The rate of uninsured Americans has dropped since the ACA passed, the lawsuit says, but that progress is now being threatened by the rule.
Thursday’s ruling could be a problem for entities like chambers of commerce that want to form associations to purchase health insurance, Levit of the Kaiser Family Foundation said. Several Arizona chambers of commerce are supporting SB 1085.
“I would think association health plans from a chamber of commerce would be particularly vulnerable,” Levitt said. “If it were an association tied to a particular industry, it would have some chance of surviving. But a chamber of commerce, where the only thing tying the employers together is that they are in the same geographic area — that is something the judge focused on.”
Association health plans have existed since the 1970s, and have a history of fraud and insolvency, ASU’s Reddy said. The ACA addressed some of those historical problems by adding protections, she said. Now, under the Trump final rule, protections are getting rolled back, Reddy said.
Association health plans have failed in the past and left consumers at risk, Brophy McGee acknowledged. But her bill was crafted to guard consumers and provide options, she said.
The biggest change from current state law is that Brophy McGee’s bill allows sole proprietors to be a part of associations that purchase health insurance, said Marc Osborn of the Arizona Association of Health Underwriters, emphasizing that association health plans are already permitted under Arizona law.
The addition of sole proprietors is in line with the Trump administration’s final rule, and it was also one of the issues Thursday’s ruling, Levitt said.
“That historically has not been permitted. The Department of Labor opened these association health plans to sole proprietors, and that was one of the provisions the judge threw out,” Levitt said.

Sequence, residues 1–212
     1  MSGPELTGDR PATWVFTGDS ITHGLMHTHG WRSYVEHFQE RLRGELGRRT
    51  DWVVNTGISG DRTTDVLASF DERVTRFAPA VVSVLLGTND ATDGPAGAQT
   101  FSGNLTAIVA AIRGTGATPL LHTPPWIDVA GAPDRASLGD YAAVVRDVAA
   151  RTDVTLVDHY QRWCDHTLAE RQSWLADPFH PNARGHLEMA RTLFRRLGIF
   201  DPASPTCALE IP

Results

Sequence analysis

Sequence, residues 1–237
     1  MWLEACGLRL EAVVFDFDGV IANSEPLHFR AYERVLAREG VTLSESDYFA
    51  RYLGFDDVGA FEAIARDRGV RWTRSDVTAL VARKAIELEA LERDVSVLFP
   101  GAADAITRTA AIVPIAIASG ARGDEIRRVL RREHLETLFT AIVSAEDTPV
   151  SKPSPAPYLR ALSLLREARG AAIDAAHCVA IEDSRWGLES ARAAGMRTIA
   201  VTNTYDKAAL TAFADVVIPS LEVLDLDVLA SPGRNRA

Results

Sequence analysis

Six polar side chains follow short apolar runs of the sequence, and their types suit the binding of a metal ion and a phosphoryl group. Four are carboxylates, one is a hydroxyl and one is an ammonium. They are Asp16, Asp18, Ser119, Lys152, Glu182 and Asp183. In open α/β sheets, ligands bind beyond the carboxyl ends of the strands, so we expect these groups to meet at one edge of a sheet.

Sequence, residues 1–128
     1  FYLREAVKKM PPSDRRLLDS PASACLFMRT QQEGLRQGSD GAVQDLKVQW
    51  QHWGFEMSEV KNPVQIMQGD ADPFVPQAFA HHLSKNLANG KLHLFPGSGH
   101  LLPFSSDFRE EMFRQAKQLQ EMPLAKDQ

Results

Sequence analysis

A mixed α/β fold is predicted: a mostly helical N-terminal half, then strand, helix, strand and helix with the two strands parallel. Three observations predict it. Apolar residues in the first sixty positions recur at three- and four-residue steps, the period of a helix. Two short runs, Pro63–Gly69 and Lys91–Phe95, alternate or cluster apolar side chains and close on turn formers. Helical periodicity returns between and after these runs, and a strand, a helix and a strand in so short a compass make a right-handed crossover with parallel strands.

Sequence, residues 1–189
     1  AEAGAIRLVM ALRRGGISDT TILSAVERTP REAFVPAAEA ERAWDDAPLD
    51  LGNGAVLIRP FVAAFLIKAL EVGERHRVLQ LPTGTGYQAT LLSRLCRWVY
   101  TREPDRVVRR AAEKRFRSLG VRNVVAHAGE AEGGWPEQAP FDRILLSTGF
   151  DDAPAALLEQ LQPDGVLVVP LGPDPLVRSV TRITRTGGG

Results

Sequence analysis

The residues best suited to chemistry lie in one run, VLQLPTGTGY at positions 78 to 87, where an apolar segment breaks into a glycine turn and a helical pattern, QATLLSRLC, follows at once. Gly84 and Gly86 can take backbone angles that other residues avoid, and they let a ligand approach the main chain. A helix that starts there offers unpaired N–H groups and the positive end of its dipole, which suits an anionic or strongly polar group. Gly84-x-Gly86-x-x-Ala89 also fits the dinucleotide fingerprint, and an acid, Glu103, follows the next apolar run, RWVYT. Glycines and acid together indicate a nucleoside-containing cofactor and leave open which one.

Brophy McGee told The Republic that associations will want their plans to be competitive, and there’s no reason to believe they are going to offer bare-bones insurance. She told the house health committee that she introduced the bill after complaints from constituents about the high cost of Arizona’s ACA marketplace insurance.
Most of the 160,000 Arizonans who purchased insurance on the 2019 marketplace qualified for federal subsidies to help pay for it. For those who didn’t qualify, the premiums can be costly. (Photo: Alejandra Armstrong/Cronkite News)
Most of the 160,000 Arizonans who purchased insurance on the 2019 marketplace qualified for federal subsidies to help pay for it. For the small number who didn’t — generally those earning 400 percent or more of the federal poverty level — the premiums can be costly.
A 56-year-old single female living in Maricopa County earning $65,000 per year, for example, would have to pay premiums of $758-$987 per month for a silver level plan, according to what’s available on the 2019 marketplace. Annual deductibles for those plans range from $4,000 to $7,900.
“The group that really has no market clout, and does not have a lot of options is the individuals making more than 400 percent of the federal poverty level. This is a real problem,” said Dr. Dan Derksen, health policy expert and University of Arizona professor.
“This might give that group more affordable choices, so that at least they have some form of coverage. But the individuals that are covered by those plans really have to be careful about reading the fine print of which benefits are included and what are excluded.”